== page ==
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UNC Board of Governors nominee moves forward without facing committee questions

The House is scheduled to vote on the appointment of Reginald R. Holley to the UNC Board of Governors today, following a favorable report from the House Rules Committee Tuesday.

Holley did not attend the committee meeting, despite several lawmakers saying they were told Holley would attend and answer any questions they may have.

Reginald R. Holley

“Usually in the normal election process they will come in and answer a few questions or they’ll come by and introduce themselves so we can ask them then if we want to,” said House Minority Leader Daren Jackson (D-Wake). “That hasn’t happened. There are a number of things I would like to have asked him.”

There is currently an interim UNC System President and interim chancellors at four of the UNC system’s 17 campuses (ECU, Fayetteville State, UNC-Chapel Hill and the UNC School of the Arts.). The board is going to have to make some import leadership decisions quickly, Jackson said — and it would be nice to know where Holley stands on how those decisions should be made.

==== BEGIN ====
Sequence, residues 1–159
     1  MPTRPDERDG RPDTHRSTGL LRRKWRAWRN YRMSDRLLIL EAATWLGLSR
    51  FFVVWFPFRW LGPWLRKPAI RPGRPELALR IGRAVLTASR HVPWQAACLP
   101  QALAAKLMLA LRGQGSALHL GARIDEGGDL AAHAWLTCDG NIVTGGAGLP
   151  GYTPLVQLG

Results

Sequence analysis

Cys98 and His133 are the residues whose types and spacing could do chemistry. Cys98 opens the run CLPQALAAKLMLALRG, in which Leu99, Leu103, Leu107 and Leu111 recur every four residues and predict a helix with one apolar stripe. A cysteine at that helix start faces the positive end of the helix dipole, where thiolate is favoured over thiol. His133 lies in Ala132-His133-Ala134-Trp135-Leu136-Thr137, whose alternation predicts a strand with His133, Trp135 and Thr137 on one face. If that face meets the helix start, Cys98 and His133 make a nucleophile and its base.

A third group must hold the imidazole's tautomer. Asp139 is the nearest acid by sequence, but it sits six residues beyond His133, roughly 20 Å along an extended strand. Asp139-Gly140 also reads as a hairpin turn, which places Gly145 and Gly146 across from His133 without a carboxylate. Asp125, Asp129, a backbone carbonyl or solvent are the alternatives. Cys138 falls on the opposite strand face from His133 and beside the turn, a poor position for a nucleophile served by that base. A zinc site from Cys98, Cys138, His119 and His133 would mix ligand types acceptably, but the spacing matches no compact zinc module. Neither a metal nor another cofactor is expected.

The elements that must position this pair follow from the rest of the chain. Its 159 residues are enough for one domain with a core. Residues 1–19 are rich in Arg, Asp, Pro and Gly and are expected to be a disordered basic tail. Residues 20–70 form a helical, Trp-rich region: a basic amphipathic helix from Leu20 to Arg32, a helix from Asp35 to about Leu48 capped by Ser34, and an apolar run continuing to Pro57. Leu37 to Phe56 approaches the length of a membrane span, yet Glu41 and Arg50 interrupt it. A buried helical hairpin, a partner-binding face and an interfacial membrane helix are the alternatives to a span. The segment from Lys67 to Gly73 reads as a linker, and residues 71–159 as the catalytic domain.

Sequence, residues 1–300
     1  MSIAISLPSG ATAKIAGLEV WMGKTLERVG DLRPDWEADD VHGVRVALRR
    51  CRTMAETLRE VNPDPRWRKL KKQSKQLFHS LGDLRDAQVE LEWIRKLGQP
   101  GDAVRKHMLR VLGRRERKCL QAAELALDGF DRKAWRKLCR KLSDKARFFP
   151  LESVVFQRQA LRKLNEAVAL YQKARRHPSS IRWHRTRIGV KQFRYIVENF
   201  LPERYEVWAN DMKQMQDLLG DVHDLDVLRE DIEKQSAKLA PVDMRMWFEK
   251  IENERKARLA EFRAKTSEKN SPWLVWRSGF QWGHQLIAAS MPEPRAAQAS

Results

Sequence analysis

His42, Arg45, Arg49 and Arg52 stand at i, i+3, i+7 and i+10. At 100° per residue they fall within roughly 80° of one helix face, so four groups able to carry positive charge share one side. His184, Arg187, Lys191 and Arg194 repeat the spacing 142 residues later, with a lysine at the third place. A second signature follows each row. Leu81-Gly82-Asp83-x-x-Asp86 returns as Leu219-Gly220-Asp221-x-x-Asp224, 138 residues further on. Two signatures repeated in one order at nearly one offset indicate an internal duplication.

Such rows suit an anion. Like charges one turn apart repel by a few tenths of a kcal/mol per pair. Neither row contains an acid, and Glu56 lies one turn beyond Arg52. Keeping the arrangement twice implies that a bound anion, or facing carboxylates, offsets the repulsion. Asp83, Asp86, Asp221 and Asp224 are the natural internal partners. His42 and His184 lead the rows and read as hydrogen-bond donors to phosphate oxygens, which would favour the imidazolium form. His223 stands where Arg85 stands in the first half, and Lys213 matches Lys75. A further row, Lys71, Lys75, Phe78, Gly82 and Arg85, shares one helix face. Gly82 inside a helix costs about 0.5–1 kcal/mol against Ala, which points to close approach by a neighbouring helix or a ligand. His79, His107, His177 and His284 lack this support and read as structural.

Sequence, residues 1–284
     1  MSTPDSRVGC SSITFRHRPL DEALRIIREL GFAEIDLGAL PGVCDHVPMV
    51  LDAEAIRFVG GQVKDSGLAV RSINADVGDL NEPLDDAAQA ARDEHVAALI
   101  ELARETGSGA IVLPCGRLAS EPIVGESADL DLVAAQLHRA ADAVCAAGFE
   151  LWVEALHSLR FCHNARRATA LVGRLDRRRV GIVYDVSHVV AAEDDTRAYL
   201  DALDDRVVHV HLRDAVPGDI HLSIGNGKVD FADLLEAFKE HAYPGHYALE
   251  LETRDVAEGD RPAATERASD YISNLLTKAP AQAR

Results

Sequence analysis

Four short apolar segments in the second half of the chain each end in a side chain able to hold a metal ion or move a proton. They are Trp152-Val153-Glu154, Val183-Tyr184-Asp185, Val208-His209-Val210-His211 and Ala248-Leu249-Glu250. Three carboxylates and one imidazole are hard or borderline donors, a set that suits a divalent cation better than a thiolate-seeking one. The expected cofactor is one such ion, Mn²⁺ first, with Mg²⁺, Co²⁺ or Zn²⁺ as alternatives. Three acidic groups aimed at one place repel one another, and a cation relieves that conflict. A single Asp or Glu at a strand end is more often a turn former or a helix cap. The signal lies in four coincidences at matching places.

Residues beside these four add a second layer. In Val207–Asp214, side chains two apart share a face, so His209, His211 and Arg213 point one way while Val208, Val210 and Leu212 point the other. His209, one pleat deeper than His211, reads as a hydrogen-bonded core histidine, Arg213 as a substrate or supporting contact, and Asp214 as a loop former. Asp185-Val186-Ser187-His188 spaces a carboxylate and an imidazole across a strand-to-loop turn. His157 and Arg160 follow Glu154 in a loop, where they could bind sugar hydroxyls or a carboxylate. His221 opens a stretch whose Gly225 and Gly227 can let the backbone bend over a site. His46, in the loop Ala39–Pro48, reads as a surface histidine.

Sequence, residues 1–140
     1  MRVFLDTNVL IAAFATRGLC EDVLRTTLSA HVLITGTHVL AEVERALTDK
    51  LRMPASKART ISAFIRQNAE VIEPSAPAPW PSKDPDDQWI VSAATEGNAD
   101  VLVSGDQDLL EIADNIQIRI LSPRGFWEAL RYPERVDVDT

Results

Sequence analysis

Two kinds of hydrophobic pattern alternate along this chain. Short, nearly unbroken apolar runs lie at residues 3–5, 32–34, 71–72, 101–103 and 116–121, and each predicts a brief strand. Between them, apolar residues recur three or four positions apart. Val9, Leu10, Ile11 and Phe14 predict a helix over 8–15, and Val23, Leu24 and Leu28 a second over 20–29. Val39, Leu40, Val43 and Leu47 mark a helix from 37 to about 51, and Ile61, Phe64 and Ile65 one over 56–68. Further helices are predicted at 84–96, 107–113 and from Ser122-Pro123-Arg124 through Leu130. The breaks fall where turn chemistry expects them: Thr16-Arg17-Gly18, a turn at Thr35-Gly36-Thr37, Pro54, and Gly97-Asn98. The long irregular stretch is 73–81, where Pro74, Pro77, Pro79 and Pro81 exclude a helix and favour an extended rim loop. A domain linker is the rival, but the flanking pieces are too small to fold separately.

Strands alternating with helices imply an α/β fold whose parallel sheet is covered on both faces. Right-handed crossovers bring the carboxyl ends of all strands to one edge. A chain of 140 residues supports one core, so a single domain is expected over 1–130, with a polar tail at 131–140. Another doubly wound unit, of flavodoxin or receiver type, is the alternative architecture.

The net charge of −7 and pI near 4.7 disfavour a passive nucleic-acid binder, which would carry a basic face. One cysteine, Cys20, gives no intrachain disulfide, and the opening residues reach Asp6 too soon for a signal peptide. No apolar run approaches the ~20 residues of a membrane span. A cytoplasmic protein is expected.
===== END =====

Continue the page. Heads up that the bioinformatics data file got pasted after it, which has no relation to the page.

The exits of former UNC President Margaret Spellings, former UNC Chancellor Carol Folt and former ECU Chancellor Cecil Staton came shrouded in controversy after conflicts with the board of governors.

House Minority Leader Darren Jackson (D-Wake)

“I’d like to know o know what thoughts he had on that,” Jackson said. “I’d like to know what he’s looking for in the next leader of the university system. I think those are fair questions I’d like to get answered.

Jackson said he didn’t know Holley and has only  “seen him around the building” in his role as a lobbyist.

That, he said, is its own problem.

If elected, Holley would be the sixth current or former lobbyist on the current 24-member board of governors (the others are Tom Fetzer, Thom Goolsby, Darrell Allison, Pearl Burris-Floyd and David Powers).

“Lobbyists shouldn’t be allowed to be on the board of governors,” Jackson said. “When you have people who are dependent on the Speaker and the Pro Tem to get legislation moving and the Speaker and the Pro Tem are dependent on PAC fundraising and things like that. And then you’re going to put lobbyists on the board of governors? You can’t have an independently thinking, independently operating board of governors that way. They’re just going to be an extension of the General Assembly. And that is not the purpose.”

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